Lordy, those Comey memos

The Hill’s John Solomon reports that “more than half” of former FBI Director James Comey’s seven memos of conversations with President Trump “have been determined to contain classified information, according to interviews with officials familiar with the documents.” By my calculation, “more than half” of seven memos would be at least four.

Comey testified before the Senate Intelligence Committee on June 8 that he showed at least one of the seven memos to his friend Daniel Richman at Columbia Law School. Richman acted as Comey’s cutout to peddle the contents of the memo to the New York Times.

The possible ironies are manifold. Solomon raises the most obvious one at the top of his story: “This revelation raises the possibility that Comey broke his own agency’s rules and ignored the same security protocol that he publicly criticized Hillary Clinton for in the waning days of the 2016 presidential election.” It’s possible, but too good to be true.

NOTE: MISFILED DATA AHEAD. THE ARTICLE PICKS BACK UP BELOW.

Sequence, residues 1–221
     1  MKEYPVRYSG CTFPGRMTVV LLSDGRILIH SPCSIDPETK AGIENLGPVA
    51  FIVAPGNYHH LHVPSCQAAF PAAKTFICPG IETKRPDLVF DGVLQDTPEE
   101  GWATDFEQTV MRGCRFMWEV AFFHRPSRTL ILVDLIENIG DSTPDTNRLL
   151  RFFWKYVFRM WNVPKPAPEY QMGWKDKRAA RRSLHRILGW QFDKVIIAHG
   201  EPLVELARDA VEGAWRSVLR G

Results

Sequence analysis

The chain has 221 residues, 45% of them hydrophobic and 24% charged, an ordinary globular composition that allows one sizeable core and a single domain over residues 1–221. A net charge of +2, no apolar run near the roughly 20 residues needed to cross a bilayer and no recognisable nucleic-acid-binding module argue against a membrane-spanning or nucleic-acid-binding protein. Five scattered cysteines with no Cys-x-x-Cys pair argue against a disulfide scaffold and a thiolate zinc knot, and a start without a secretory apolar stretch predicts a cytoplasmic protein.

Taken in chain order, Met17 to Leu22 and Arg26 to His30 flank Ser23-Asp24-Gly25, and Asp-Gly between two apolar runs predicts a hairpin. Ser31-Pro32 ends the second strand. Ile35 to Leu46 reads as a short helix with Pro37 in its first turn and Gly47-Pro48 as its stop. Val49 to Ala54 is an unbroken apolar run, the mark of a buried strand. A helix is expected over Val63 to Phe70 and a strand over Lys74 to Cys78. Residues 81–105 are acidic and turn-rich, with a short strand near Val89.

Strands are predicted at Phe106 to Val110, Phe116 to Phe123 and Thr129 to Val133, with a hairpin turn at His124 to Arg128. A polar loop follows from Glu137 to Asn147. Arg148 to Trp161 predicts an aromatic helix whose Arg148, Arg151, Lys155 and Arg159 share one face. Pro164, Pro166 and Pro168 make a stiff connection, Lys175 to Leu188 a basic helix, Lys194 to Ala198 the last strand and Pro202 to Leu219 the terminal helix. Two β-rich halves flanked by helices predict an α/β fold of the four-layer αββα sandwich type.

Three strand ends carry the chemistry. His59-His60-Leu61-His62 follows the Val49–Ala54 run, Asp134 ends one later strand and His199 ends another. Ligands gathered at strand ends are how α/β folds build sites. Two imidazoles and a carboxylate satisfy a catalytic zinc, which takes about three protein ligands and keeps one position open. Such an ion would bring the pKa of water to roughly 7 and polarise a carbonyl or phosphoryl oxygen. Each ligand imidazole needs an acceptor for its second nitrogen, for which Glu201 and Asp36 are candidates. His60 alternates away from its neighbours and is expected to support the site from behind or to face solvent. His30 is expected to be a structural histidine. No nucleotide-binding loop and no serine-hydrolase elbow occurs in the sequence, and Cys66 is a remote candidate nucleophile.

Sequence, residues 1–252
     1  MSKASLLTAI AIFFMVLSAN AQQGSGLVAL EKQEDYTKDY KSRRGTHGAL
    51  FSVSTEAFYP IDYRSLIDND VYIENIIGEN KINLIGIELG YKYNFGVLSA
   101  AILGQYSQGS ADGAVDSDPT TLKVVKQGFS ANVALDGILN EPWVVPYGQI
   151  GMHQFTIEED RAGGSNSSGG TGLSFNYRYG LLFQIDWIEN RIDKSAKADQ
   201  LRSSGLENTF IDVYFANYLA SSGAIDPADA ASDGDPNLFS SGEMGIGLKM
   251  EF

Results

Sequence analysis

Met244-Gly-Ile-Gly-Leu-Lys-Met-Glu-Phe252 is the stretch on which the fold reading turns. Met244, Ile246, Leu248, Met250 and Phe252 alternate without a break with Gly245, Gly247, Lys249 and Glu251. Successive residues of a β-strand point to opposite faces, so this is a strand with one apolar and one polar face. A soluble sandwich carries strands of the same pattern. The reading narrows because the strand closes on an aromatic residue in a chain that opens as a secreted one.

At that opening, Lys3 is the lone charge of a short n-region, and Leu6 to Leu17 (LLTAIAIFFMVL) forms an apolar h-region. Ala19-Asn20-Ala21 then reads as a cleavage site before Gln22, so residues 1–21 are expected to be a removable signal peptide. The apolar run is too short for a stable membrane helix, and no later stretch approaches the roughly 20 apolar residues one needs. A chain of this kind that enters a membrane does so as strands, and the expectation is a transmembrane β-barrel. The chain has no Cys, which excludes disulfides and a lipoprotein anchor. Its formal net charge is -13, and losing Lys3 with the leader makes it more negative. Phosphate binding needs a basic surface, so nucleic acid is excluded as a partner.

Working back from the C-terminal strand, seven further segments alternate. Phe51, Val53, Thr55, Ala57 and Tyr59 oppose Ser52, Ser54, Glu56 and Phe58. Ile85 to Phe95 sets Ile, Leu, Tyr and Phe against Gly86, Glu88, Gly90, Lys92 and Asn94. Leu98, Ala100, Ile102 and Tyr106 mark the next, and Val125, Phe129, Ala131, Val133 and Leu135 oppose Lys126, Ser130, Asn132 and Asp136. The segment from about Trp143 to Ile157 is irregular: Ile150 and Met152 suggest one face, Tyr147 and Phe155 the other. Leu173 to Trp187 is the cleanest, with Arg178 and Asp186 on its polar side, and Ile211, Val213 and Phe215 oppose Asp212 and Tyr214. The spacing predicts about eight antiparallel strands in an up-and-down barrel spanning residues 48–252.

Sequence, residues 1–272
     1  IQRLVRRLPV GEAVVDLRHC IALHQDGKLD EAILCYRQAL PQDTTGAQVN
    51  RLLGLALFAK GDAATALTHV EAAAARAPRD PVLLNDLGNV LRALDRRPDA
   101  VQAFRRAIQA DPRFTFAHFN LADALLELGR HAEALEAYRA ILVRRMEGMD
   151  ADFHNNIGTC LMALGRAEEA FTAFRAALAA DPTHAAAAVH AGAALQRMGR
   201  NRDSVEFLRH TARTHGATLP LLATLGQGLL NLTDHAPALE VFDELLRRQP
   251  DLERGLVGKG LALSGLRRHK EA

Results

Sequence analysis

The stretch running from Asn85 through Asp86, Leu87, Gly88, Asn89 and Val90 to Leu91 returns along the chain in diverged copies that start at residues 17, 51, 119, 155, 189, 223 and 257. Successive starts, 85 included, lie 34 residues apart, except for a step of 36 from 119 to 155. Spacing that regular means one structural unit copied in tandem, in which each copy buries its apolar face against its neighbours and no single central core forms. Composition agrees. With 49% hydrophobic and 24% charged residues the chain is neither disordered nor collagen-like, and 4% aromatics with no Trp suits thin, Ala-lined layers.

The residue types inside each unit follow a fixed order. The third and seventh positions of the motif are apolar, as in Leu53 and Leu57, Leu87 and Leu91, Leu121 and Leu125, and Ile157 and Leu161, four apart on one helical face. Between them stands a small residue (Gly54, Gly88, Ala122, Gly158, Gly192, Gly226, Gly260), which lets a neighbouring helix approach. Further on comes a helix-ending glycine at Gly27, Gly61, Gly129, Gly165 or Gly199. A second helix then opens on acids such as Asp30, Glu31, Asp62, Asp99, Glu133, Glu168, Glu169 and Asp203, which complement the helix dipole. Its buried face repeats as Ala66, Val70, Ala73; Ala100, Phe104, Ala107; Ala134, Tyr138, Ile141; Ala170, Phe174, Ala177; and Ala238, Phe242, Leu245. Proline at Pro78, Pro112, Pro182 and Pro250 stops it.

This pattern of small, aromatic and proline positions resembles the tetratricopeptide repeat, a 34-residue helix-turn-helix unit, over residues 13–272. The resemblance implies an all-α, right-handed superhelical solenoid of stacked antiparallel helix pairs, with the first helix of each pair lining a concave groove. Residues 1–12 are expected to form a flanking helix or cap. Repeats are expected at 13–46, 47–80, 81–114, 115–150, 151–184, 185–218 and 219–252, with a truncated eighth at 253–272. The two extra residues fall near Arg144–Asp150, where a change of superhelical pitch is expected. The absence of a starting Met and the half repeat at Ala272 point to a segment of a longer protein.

In his testimony Comey also professed his view that the memos constituted his personal property for him to do with as he saw fit. Solomon reports, however, that the FBI does not agree: “[W]hen the seven memos Comey wrote regarding his nine conversations with Trump about Russia earlier this year were shown to Congress in recent days, the FBI claimed all were, in fact, deemed to be government documents.”

Solomon raises additional issues regarding Comey’s treatment of the memo in his story. Comey must take comfort from the fact that his close friend Robert Mueller is Special Counsel in the investigation to which his memos are relevant.

What does the FBI say for public consumption? A spokesman for the FBI declined to comment.

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